Thursday, April 4 2008
Real estate cycle seen peaking this year
By Chong Jin Hun
 
KUALA LUMPUR: The country’s real estate cycle is expected to peak in late 2008 as the pace of rental increases begin to lag price increases, particularly in the high-end property segment in the vicinity of Kuala Lumpur City Centre.
 
OSK Investment Bank said compression of rental yields from high-end condominiums could prompt existing owners to lock in capital gains in anticipation of more new luxury units hitting the market at a time when the real estate cycle was peaking.
 
Its latest property market outlook report indicated that additional supply of condominiums in KLCC would make it more difficult for investors to rent out their residential units.
 
“If most buyers are mere speculators and investors, risk of a potential bubble burst in KLCC condos will be rather high by late 2008,” OSK said, adding that the current upward trend in the local real estate cycle may begin to taper off in 2009 when more properties hit the market.
 
It was reported in February that prices of upmarket condominiums may reach a new high of RM3,000 a sq ft this year as new products hit a niche market driven mainly by foreign demand for local luxury units which are deemed one of the cheapest in the region.
 
According to property consultancy Knight, Frank, Ooi and Zaharin Sdn Bhd, residential properties in KLCC had fetched between RM1,300 a sq ft and RM2,000 a sq ft last year (2007) while rentals ranged between RM5.50 a sq ft and RM6.50 a sq ft.
 
The rising prices of these top notch homes, essentially, translates into lower rental yields as prices advance at a quicker pace than rental hikes.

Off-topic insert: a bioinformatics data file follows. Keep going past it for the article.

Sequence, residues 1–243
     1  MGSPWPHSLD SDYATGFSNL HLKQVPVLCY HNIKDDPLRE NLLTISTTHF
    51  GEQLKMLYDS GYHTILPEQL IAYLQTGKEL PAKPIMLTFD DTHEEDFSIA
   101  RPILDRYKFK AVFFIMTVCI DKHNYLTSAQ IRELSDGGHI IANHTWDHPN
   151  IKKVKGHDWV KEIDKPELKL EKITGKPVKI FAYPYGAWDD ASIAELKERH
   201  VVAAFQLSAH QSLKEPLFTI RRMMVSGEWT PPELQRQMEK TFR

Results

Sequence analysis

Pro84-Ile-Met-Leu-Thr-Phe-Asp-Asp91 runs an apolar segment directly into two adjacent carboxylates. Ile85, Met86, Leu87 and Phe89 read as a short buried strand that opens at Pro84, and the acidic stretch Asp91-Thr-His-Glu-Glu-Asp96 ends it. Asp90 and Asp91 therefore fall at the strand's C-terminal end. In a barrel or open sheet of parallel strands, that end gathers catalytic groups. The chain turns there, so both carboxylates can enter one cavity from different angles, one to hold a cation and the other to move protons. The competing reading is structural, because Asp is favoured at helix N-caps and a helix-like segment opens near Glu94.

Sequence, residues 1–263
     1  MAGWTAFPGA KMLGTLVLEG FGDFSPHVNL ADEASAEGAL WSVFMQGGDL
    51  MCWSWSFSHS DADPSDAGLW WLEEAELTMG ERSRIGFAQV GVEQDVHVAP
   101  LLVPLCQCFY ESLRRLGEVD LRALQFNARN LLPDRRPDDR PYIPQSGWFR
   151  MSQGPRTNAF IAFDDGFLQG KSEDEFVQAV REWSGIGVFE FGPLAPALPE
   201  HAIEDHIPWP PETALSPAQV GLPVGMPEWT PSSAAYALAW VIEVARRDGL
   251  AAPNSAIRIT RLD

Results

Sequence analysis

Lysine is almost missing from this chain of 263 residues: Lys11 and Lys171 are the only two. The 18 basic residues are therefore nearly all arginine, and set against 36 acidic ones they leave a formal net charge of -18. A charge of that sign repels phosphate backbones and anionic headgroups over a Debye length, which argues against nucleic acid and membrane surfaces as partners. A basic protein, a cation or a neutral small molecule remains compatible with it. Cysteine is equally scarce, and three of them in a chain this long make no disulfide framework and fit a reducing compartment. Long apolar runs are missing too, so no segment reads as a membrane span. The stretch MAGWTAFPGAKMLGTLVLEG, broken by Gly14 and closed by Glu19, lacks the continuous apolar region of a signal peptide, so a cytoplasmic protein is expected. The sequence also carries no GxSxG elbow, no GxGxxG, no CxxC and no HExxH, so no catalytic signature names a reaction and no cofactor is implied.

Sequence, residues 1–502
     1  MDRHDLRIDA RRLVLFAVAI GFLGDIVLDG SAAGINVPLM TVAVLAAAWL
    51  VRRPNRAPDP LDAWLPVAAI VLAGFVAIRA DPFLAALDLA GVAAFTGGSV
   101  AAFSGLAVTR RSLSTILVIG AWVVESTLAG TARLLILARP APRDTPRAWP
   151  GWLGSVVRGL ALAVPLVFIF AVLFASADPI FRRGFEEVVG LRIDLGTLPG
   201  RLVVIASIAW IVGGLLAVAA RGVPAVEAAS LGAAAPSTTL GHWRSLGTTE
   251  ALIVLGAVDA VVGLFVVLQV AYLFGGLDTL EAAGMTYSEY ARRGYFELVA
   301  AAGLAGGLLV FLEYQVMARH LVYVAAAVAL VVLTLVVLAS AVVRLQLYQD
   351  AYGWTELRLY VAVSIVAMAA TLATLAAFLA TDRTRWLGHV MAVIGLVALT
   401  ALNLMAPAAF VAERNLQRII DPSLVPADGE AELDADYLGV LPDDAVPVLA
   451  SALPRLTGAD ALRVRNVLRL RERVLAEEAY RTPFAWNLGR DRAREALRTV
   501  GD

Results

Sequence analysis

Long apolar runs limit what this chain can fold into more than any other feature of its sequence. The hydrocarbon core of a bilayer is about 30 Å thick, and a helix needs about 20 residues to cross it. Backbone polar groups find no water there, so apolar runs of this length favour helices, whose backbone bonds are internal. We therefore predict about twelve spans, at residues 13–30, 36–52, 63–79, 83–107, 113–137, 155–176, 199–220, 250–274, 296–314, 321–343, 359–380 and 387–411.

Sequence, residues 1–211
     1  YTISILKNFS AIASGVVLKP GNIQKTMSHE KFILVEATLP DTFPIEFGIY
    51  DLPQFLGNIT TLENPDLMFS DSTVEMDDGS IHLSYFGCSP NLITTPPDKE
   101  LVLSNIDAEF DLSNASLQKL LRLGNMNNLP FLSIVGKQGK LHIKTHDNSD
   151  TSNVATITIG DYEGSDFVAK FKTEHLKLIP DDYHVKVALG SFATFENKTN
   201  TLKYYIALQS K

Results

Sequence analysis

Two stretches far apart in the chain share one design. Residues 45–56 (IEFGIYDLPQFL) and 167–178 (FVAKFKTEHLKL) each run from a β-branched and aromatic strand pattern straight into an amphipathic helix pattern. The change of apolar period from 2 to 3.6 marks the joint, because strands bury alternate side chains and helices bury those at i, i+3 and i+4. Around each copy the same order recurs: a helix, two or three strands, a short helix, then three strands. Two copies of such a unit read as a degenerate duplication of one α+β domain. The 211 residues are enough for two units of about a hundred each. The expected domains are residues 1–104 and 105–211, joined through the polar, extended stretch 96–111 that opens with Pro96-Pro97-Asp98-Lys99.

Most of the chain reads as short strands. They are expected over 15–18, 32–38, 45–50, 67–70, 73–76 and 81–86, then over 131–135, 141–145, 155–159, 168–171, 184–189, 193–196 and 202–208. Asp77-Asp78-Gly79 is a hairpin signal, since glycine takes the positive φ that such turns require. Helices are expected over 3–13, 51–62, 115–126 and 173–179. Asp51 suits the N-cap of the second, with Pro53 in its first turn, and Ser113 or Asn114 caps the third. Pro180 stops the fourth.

Meanwhile, foreign demand for high-end real estate here may dip on investors’ cautious sentiments surrounding the country’s new political landscape following the recent general elections.
 
But the slower take-up rate for luxury properties should not be viewed as an across-the-board phenomenon as foreign individual buyers, experts said, were still scouting for local assets.
 
A downside in demand for larger transactions like en bloc commercial property acquisitions by overseas institutional buyers is, however, possible as investors adopt a wait-and-see attitude to safeguard their portfolios.
 
“Foreign direct investment is going to be sustained but definitely there will be a wait-and-see attitude in certain industries especially on the bigger ticket purchase items like en-bloc sales.
 
“Foreign individual investors are still coming in,” real estate consultancy Zerin Properties chief executive officer Previndran Singhe told The Edge on the sidelines of a forum discussing the impact of the recent national elections on the country’s real estate sector.
 
The forum was organised by the Malaysian chapter of the International Real Estate Federation or better known as Fiabci.
 
Speaking at the event earlier, Asian Strategy & Leadership Institute chief executive officer and director Datuk Dr Michael Yeoh said foreign investors were still deliberating on the Malaysia’s investment climate following the unprecedented outcome of the recent elections.
 
“We cannot exclude any possibility,” Yeoh said.
 
(Source: http://www.theedgedaily.com)
 
 
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